New Delhi- With a record 1,45,384 fresh cases, India's COVID-19 tally has climbed to 1,32,05,926, the health ministry said on Saturday.
The number of active cases has breached the 10-lakh mark again after around six-and-a-half months, while the death toll due to the viral disease has gone up to 1,68,436 with 794 more fatalities, the highest since October 18 last year, the ministry's data updated at 8 am showed.
Registering a steady increase for the 31st day in a row, the number of active coronavirus cases in the country has gone up to 10,46,631, accounting for 7.93 per cent of its total caseload, while the recovery rate has further dropped to 90.80 per cent.
The active caseload was at its lowest at 1,35,926 on February 12, accounting for only 1.25 per cent of the total number of cases in the country.
The number of people who have recuperated from the disease has surged to 1,19,90,859, while the case fatality rate has further dropped to 1.28 per cent, the data stated.
India's COVID-19 tally had crossed the 20-lakh mark on August 7 last year, the 30-lakh mark on August 23, the 40-lakh mark on September 5 and the 50-lakh mark on September 16.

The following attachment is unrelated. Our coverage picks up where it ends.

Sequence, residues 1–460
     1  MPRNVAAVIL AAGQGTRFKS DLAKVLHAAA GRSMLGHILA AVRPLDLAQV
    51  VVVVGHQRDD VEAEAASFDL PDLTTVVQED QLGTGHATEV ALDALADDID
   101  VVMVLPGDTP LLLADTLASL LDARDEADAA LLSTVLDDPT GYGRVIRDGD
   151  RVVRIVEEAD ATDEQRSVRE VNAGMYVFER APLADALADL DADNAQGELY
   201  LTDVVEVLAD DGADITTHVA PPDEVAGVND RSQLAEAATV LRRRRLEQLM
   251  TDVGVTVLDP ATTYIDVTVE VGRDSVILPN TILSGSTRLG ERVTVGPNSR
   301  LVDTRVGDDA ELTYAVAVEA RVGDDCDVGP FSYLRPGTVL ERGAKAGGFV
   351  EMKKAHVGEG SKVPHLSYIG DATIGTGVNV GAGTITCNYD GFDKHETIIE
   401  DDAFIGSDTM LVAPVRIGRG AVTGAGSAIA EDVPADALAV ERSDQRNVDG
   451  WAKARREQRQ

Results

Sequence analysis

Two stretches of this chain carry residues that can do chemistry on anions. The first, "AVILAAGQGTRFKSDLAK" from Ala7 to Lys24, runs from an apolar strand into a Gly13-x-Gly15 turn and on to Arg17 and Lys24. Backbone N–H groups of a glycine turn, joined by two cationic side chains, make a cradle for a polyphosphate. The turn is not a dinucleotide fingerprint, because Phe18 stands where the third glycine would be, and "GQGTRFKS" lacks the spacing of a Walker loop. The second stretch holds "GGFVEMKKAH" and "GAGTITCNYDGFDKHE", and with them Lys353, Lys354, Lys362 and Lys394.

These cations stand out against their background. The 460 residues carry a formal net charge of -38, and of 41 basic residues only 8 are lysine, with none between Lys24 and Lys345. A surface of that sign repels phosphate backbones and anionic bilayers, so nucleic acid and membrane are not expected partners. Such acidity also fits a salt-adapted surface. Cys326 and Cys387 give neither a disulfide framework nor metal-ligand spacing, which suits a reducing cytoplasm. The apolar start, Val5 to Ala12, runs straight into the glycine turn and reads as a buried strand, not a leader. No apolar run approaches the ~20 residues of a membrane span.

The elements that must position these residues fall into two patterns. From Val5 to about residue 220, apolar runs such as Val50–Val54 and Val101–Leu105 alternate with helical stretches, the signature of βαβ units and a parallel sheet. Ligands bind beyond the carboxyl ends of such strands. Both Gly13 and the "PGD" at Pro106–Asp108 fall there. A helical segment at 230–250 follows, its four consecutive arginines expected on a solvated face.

It went past 60 lakh on September 28, 70 lakh on October 11, 80 lakh on October 29, 90 lakh on November 20 and the one-crore mark on December 19.
According to the Indian Council of Medical Research (ICMR), 25,52,14,803 samples have so far been tested in the country for the viral disease, including 11,73,219 on Friday.
The 794 fresh fatalities include 301 from Maharashtra, 91 from Chhattisgarh, 56 from Punjab, 46 from Karnataka, 42 from Gujarat, 39 from Delhi, 36 from Uttar Pradesh, 32 from Rajasthan, 23 each from Madhya Pradesh and Tamil Nadu, 22 from Kerala, 17 from Jharkhand and 11 each from Andhra Pradesh and Haryana.
Of the total number of 1,68,436 deaths caused by COVID-19 in the country, Maharashtra accounts for 57,329, followed by Tamil Nadu (12,863), Karnataka (12,813), Delhi (11,196), West Bengal (10,378), Uttar Pradesh (9,039), Punjab (7,390) and Andhra Pradesh (7,279).
The health ministry stressed that more than 70 per cent of the deaths occurred due to comorbidities.
"Our figures are being reconciled with the Indian Council of Medical Research," the ministry said on its website, adding that a state-wise distribution of the figures is subject to further verification and reconciliation.
Be Part of Quality Journalism
Quality journalism takes a lot of time, money and hard work to produce and despite all the hardships we still do it. Our reporters and editors are working overtime in Kashmir and beyond to cover what you care about, break big stories, and expose injustices that can change lives. Today more people are reading Kashmir Observer than ever, but only a handful are paying while advertising revenues are falling fast.